In our study, E-learning provided the didactic knowledge and was associated with a median (Q1,Q3) 40.4 (22.8,56.3) percentage point increase in comprehension of basic FATE between the online pre-test and post-test (p<0.001). As for the hands-on training course, Figure 2 illustrates image acquisition scores before and after completion of hands-on training course as well as image acquisition scores 5 months after completion of the course. Overall, there was considerable improvement in total image acquisition scores from pre-course to post-course imaging, with improvement in all 6 FATE-protocol views. The greatest improvement was in the apical 4 chamber view, with a median (Q1,Q3) 23.9 (8.7,39.1) percentage point increase (n=19; p=0.001). Of the 11 participants that returned, there was excellent retention 5 months following training. The total score from the acquired images from pre-course to 5-month follow-up improved by a median (Q1,Q3) 18.1 (9.1,22.1) percentage points (n=11; p=0.002). The greatest increase was in the subcostal 4 chamber view, with a median (Q1,Q3) 30.4 (4.3,58.7) percentage point improvement as compared to pre- course scores (n=11; p=0.001). This is especially important given that the subcostal 4 chamber view is a difficult view to master and competency in acquiring this view is critical for comprehensive evaluation of the hemodynamic status of the patient. Table 2 shows correlation of ultrasound experience during the followup period and follow-up image acquisition scores. The number of TTEs performed was strongly correlated with overall image acquisition scores at 5 months (ρ=0.61, 95% CI: 0.01-0.89, p=0.046). Furthermore, the strongest correlation was between the number of TTEs performed and 5-month follow-up score for the subcostal 4 chamber view (ρ=0.81, 95% CI: 0.41-0.95, p=0.002).

FATE-protocol view Spearman Correlation Coefficient 95% Confidence Interval P Value
Overall score Total 0.46 -0.2 0.83 0.163
 TTE exams 0.61 0.01 0.89 0.046 *
S4C Total 0.63 0.05 0.89 0.036 *
TTE exams 0.81 0.41 0.95 0.002 *
A4C Total -0.17 -0.7 0.48 0.623
TTE exams -0.12 -0.67 0.52 0.733
PLA Total 0.36 -0.31 0.79 0.287
TTE exams 0.4 -0.27 0.8 0.237
PSA Total -0.53 -0.86 0.11 0.097
TTE exams -0.27 -0.75 0.39 0.425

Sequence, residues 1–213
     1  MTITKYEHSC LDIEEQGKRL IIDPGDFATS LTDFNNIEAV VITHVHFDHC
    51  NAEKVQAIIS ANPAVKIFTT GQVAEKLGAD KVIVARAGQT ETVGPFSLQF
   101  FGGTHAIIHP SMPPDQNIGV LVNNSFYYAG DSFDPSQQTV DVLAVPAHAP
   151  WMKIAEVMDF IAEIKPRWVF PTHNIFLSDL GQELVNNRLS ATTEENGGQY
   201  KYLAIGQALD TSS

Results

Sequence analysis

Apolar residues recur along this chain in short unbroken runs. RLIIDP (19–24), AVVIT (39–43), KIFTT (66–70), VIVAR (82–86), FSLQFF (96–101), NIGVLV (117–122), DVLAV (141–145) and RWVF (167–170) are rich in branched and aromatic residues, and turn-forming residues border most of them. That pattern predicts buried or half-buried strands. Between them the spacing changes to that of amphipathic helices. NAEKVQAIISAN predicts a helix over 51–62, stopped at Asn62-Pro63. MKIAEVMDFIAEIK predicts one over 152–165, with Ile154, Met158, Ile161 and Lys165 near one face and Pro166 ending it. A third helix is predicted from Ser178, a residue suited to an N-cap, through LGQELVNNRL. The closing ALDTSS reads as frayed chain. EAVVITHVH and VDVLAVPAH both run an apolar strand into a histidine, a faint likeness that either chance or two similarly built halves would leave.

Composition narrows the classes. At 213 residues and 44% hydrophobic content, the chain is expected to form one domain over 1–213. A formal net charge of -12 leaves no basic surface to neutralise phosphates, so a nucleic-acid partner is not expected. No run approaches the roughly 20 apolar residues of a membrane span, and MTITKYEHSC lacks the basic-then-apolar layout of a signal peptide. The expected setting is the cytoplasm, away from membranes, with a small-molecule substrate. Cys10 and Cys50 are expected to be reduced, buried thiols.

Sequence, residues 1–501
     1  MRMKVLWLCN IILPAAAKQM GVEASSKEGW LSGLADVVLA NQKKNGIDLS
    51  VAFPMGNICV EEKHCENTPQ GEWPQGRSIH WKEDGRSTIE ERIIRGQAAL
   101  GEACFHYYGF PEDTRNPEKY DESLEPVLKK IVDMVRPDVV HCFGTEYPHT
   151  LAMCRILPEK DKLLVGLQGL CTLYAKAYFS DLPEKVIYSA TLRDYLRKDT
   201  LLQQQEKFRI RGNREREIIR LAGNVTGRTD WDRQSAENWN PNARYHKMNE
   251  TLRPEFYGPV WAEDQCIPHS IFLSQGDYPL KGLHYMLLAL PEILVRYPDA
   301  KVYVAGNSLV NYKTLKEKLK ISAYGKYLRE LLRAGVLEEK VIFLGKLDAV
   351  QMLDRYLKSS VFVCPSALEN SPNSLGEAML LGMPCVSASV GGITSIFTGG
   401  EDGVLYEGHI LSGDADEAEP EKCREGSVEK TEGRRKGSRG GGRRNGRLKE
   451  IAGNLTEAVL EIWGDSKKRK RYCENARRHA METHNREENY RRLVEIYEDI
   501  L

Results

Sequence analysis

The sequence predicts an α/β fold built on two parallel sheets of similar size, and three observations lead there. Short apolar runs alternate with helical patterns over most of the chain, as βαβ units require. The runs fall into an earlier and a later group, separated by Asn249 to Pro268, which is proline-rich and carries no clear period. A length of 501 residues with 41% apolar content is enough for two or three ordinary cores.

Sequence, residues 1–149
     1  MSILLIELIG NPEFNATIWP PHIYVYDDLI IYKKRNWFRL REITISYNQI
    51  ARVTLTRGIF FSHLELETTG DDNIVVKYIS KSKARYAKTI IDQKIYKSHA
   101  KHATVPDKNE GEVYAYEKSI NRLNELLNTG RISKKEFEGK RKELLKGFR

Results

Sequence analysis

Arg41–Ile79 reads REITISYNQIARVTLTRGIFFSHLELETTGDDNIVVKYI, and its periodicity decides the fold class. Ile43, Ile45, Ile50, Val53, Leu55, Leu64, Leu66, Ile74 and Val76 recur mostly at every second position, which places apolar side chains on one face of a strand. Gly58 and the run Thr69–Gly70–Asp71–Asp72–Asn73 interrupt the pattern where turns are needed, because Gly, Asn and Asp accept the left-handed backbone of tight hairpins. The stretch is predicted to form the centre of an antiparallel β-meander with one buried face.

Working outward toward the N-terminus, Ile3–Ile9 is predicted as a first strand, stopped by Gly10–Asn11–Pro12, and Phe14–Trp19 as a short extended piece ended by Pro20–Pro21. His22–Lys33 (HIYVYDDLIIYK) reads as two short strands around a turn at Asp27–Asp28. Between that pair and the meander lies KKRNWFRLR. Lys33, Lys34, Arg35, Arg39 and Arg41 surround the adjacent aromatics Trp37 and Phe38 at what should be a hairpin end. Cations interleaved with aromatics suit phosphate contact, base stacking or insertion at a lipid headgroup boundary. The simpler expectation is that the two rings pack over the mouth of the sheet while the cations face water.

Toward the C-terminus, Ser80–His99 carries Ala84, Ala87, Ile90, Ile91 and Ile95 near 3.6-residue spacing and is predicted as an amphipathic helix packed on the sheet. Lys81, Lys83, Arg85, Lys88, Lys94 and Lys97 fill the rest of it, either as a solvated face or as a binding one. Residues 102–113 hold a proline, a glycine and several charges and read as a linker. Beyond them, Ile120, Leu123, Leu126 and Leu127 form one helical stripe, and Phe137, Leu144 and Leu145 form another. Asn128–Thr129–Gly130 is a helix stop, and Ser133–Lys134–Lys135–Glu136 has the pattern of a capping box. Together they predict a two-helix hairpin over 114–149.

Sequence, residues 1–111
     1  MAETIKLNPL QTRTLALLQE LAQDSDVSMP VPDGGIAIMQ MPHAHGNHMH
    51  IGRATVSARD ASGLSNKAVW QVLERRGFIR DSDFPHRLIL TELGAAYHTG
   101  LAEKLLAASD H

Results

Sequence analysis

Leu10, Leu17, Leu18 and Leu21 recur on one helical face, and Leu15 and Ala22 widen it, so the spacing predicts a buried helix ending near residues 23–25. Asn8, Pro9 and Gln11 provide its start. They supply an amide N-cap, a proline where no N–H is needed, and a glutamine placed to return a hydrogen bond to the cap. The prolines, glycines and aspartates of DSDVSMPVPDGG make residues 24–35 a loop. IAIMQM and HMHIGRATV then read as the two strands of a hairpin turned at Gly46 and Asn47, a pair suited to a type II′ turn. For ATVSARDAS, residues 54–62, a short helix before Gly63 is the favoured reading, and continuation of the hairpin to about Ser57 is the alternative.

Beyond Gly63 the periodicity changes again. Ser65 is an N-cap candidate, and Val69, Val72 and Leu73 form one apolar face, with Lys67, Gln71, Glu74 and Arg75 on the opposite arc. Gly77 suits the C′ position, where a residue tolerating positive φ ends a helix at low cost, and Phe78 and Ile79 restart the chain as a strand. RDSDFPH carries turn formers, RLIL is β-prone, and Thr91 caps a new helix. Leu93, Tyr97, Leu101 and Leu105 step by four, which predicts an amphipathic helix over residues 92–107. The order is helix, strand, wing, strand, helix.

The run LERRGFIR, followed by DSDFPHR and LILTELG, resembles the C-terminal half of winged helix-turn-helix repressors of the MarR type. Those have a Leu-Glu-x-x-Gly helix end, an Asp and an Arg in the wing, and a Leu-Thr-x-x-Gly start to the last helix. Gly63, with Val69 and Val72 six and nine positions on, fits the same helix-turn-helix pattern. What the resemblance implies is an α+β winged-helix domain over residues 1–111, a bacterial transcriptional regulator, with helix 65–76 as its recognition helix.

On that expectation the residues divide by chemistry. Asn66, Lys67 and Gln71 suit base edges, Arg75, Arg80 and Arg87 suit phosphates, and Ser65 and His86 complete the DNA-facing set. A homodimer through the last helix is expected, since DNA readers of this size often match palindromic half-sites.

PV Total -0.09 -0.65 0.54 0.8
TTE exams 0.12 -0.51 0.67 0.723
PV2 Total 0.35 -0.31 0.79 0.298
TTE exams 0.15 -0.49 0.69 0.669

Table 2: Correlation between number of cardiac ultrasound exams performed in 5 months the follow-up period and post-course to 5- month follow up change in image acquisition score.


The 6 views obtained from a FATE exam provide sufficient and reliable information to assist the clinician with pre-operative evaluation, intra-operative monitoring, and post-operative management [2]. In addition to applications in cardiac anesthesia and the intensive care unit, FATE has been applied to evaluate cases of hemodynamic instability in the setting of pleural effusions [11] and shock [13]. Furthermore, FATE has been successfully used to provide adequate diagnostic information in challenging patient populations like post-thoracic surgery patients and patients who cannot tolerate the supine position [2,14].

At our institution, implementation of a formal training course in FATE improved anesthesia trainees' ability to obtain TTE images suitable for interpretation. There was improvement in ability to perform a FATE exam following the 6-h hands-on training course for participants, most of whom with no previous experience with focused TTE. Additionally, these trainees were able to retain FATE-protocol skill up to 5 months following the initial training, even without extensive post-course practice. This pilot study demonstrates that implementation of a formal training course in Basic FATE to anesthesiology residents and fellows is feasible. Furthermore, data obtained from this study can be used for power analysis in future studies. Lastly, the experience gained by researchers during program implementation is invaluable for curriculum design and planning for subsequent, larger studies involving focused TTE pedagogy.

Given a recent call to action for a formal perioperative ultrasound training for anesthesiology residencies [15], in addition to a push to embrace focused cardiac ultrasound within anesthesia subspecialties [16] as well as the profession in general [17], it is clear that formal training in this skill will need to be embraced by anesthesia training programs in the not to distant future. As the anesthesiologist's role continues to evolve around peri-operative management and care, the use of point-of-care and goal-directed ultrasonography should be incorporated into daily practice to help guide fast and accurate diagnoses of potentially life-threatening conditions in time-limited situations. As such, residency programs can organize short yet effective training sessions such as the one reported to close this professional practice and educational training gap.


Research Reported in this publication was supported by the Hospital for Special Surgery Rheumatology Academy of Medical Educators, and the National Center for Advancing Translational Science of the National Institute of Health under Award Number UL1TR000457.